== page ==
Ahead of Game 1 of the 2022 NBA Finals, NBA commissioner Adam Silver spoke with media members in his annual state of the league address and touched on several important topics. From league expansion, potential changes to All-NBA voting and possible tweaks to the NBA schedule, Silver offered some insight into the future of the NBA, and what direction we could see the league heading in going forward.
Here's a breakdown of some of the highlights from Silver's address.
NBA expansion plans
This has been a hot topic surrounding the league for several years, and there have been reports suggesting that if the NBA were to expand, the two cities it would look at are Seattle and Las Vegas. It's also been reported that the league wouldeach for two expansion teams to be added, a pretty pricey number to create a new franchise. However, Silver said Thursday night that expansion is not something the league is focusing on right now.
"That talk is not true," Silver said. "As I said before, at some point, this league invariably will expand, but it's not at this moment that we are discussing it. One of the factors in expanding is the potential dilution of talent. As I've said before, I find it remarkable that when you have the second-most-played sport in the world after soccer, tens of millions of young men playing in this game, and then you have the 450 best in the world in this league, that there's a few of them who separate themselves even among those 450 as the very best of the best, but there is then a fall-off, a drop-off in talent after that.
"So expansion does create a certain amount of dilution. And even sort of adding another 30 players or so that are roughly comparable, there still are only so many of the truly top-tier super talents to go around. That is something on the mind of the other teams as we think about expansion. But those are wonderful markets. We'll be looking at it at some point, but there's no specific timeline right now."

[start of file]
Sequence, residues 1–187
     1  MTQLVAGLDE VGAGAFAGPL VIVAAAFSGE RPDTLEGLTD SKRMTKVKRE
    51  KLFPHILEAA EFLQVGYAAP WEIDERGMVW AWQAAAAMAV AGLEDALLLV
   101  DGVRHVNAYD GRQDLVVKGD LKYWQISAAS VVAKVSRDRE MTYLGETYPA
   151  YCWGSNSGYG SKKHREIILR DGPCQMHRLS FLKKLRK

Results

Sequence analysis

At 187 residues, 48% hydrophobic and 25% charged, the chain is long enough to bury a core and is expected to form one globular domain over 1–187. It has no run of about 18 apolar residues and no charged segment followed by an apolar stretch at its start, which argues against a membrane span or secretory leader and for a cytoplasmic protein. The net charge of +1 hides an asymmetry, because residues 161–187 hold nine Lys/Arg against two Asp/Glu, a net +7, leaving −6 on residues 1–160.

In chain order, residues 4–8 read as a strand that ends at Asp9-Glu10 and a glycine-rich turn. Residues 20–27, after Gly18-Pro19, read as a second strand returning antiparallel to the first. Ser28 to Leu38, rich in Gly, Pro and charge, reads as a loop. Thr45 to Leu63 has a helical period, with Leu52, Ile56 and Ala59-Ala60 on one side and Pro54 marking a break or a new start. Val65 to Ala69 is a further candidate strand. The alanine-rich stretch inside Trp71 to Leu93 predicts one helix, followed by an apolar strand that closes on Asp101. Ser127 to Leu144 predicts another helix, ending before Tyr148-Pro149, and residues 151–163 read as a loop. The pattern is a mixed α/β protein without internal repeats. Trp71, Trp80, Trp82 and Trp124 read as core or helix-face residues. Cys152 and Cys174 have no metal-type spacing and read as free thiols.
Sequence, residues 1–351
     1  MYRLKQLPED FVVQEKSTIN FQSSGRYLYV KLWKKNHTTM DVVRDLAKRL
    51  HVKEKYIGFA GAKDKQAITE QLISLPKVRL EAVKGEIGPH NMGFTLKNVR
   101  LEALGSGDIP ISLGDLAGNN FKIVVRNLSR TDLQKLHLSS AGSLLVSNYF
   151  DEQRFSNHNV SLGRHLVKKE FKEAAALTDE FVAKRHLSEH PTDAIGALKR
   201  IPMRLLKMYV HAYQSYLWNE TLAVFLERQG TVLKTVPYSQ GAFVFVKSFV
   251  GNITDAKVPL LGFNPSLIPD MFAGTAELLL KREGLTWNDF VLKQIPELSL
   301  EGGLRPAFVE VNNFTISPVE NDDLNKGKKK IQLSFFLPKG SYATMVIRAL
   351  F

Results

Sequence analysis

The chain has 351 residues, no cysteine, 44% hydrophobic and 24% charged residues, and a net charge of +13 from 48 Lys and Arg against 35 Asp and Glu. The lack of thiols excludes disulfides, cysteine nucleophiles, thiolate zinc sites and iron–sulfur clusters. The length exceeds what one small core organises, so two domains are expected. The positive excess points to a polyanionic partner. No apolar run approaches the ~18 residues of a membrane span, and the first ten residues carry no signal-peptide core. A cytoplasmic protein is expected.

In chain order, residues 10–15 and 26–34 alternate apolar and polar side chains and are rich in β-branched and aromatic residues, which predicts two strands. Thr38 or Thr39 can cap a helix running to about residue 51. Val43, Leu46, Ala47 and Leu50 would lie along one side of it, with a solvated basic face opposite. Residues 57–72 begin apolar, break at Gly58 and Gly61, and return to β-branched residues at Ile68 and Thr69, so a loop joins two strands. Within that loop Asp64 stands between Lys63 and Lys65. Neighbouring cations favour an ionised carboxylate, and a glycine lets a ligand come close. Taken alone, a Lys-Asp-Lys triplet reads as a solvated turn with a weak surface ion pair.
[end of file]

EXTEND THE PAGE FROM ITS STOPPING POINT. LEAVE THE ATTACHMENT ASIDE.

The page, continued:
Potential All-NBA voting changes
There's been controversy for years over how All-NBA selections are decided, and this season was no different. While the back-to-back MVP winner Nikola Jokic was named to the First Team, the runner-up for the award, Joel Embiid, was placed on the Second Team, only because of the position requirement that is attached to All-NBA voting. The position component of All-NBA voting has been deemed antiquated as the league has moved to a more positionless style of play. To that point, Silver said that the league has considered removing the position designations for All-NBA.
"I think a fair amount of consideration is going into whether we should just — really, you, the way it works now, the media — should just be picking top players than be picking by position," Silver said. "I think we are a league that has moved increasingly toward positionless basketball, and the current system may result in some inequities based on the happenstance of what your position is. So that is something we're looking at. It's something that we will discuss with the Players Association because it has impact on incentives and players' contracts, and it has, you know, deep meaning for their legacy as well. So we will look at those things."
To Silver's point about All-NBA being tied to contract incentives, players have voiced concerns about that in the past, and about media members being the ones essentially controlling how much money they can make based on their votes. Silver said that the league and Players Association felt that was the best way to handle those incentives, and as far as media being the deciders, it's the least biased way to approach the voting.